Monday, March 8, 2010

03-07-2010: Third Sunday of Lent

Third Sunday of Lent
Exodus 3:1-8,13-15 / Psalm 103 / 1 Corinthians 10:1-6,10-12 / Luke 13:1-9
Sigmund Freud, ever curious about personal motivations – especially for behaving out of the ordinary - might have stretched out on his well-worn couch and undergone some of his own psychoanalytic technique after he wrote Moses and Monotheism in the 1930s. Freud was taking a clue from the scholarship of his day when he suggested, as the thesis of his work, that Moses was Egyptian and not Hebrew; in other words Moses was not adopted as the biblical tale tells, but born to Egyptian nobility. This assertion would not be especially striking had it not been for the fact that Freud himself was a Jew (albeit non-believing) and, more poignantly, writing all this while the Nazis were beginning their horrific legacy and sending other Jews off to the death camps (Freud would flee Vienna and live out his remaining months in London). All this in sharp contrast to today’s passage from Exodus where Moses encounters the burning bush and has a conversation about identity and destiny with a voice that, simultaneously, both terrified and mesmerized. A voice which, if we read the text carefully, makes a double disclosure: revealing not only who God is, but who Moses really was as well.

Part of Freud’s argument, and one that is generally accepted by scripture scholars today, is the problem of names we encounter in the passage. Remember this is the place where God reveals his personal name for the first time. So sacred do Jews hold the divine name, the sacred tetragrammaton (YHWH), that no one is permitted to utter the personal name of God. The second commandment reiterates the prohibition: “Thou shalt not take the name of the Lord thy God in vain” (a commandment which has absolutely nothing to do with our modern notion of cursing). Just last year, in seeming deference to this ancient prohibition, Pope Benedict XVI issued a directive to the universal church prohibiting the utterance of the sacred name of God during the Mass.

The name Moses is problematic as well. Some would suggest that the name comes from the Hebrew word meaning “to draw water.” But most would argue that the name Moses is the result of redaction – some severe editing on the part of the biblical writer. Why edit? From embarrassment, it seems. Moses is of Egyptian origin, merely a suffix, meaning “born of.” You don’t have to be an Egyptologist to understand: just think of some of those Pharaohs’ names: Tuthmose(s) “born of the god Tuth,” Ram(o)ses “born of the god Ra,” and you can see that our Moses was most probably named for one of those Egyptian gods. That’s why it is so intriguing that in the Hebrew Bible, after Moses asks the voice “who are you,” and the voice responds “I am the God of your fathers,” there’s a grammatical pause (in Hebrew, the athnach) – as if to give the reader a chance to realize that what would follow next – the names of Moses’ forefathers – would be the key to his identity and his destiny. I am the God of your fathers – not of Thutmose and Ramses, but of Abraham, Isaac and Jacob. A double disclosure: revealing not only who the true God is - but who the real Moses was as well.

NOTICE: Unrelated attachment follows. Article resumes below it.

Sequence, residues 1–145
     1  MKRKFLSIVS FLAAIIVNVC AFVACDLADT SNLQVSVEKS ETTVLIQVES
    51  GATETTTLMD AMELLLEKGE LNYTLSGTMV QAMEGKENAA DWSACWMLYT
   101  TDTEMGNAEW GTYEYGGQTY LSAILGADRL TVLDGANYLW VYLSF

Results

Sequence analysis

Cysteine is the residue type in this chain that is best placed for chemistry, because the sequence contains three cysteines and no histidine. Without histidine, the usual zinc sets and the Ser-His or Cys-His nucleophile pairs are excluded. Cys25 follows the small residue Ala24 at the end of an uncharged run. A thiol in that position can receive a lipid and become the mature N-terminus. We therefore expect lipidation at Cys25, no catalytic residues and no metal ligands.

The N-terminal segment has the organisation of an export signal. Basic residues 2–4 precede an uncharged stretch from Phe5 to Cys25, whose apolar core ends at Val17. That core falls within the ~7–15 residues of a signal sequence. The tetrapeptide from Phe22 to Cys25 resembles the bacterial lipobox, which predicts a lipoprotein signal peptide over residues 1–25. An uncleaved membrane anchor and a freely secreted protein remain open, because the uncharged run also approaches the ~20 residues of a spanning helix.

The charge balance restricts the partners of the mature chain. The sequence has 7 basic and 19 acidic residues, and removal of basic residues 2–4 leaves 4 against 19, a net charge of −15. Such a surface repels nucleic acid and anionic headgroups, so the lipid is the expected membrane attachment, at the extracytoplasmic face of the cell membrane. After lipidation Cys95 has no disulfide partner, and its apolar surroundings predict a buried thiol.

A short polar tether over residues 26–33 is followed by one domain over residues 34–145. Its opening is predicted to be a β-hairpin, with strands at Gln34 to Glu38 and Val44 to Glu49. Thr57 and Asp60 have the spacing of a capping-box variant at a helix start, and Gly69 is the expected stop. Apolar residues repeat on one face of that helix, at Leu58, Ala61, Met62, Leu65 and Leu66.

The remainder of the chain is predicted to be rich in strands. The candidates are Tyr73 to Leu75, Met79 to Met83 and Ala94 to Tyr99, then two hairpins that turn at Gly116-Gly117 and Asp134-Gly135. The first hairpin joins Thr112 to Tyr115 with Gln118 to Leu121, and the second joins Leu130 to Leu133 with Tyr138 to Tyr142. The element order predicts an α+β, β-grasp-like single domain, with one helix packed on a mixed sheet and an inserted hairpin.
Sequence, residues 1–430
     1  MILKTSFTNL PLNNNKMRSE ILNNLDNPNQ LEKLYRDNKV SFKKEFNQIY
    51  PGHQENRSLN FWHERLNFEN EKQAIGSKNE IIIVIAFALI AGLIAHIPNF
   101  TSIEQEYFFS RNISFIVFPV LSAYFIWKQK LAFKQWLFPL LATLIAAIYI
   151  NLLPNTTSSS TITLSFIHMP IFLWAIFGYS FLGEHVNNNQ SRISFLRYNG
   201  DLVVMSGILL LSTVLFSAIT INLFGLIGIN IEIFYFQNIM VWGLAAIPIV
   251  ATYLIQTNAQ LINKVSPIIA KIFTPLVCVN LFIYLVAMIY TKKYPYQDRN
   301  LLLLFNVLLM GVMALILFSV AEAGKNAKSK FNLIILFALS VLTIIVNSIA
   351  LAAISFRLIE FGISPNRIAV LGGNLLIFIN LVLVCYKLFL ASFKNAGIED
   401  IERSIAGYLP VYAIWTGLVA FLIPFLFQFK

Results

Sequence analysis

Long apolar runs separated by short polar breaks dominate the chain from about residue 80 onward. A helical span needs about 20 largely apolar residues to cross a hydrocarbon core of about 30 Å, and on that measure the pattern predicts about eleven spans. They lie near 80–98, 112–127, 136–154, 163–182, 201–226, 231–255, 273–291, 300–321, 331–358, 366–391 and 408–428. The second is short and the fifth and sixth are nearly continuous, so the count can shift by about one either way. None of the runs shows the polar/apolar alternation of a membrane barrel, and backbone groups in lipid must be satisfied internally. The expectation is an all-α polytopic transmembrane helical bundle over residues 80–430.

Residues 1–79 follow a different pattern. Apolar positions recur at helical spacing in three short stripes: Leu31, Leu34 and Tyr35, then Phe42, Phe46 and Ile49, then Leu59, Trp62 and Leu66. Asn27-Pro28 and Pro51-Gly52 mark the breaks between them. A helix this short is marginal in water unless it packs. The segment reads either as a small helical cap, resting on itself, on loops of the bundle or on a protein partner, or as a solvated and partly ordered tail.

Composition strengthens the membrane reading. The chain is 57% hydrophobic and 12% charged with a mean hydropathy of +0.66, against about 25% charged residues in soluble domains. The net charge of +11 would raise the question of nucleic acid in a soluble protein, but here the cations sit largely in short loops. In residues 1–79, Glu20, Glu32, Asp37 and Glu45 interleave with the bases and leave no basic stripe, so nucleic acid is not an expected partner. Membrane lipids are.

The lesson today from the Book of Exodus (in Hebrew, called the Book of Names) concerns the import of names and how names symbolize, sacramentalize if you will, our very identity and our ultimate destiny. In what will probably be an everlasting irony, save for the discovery of some very ancient text, the names of those whose names are the subject of the biblical passage will never be fully known or understood (neither YHWH nor Moses), continuing to convey a mystery or, at least, a riddle. Because the Jews were forbidden to utter the sacred name of God, they would employ what would become a standard circumlocution: the God of your fathers – Abraham, Isaac and Jacob. But of course it was the circumlocution, the euphemism, the substitute for the actual name that was the real revelation – at least for Moses - who had been wandering, lost, confused about where he came from, where he belonged. He found his answers – he found his life - by asking the questions, directed simultaneously at the mysterious voice and at his own self: who are you, what is your name?

In the end, we’re all Moseses, aren’t we? Searching to unravel the mystery, solve the riddle, fill in the blanks of identity and destiny – by asking those very same questions. Lent helps us listen ever more carefully for the answers which will come, somehow; disclosed, revealed in some fashion, sooner or later - by a nuanced insight, perhaps some Freudian slip, or an occasional circumlocution.

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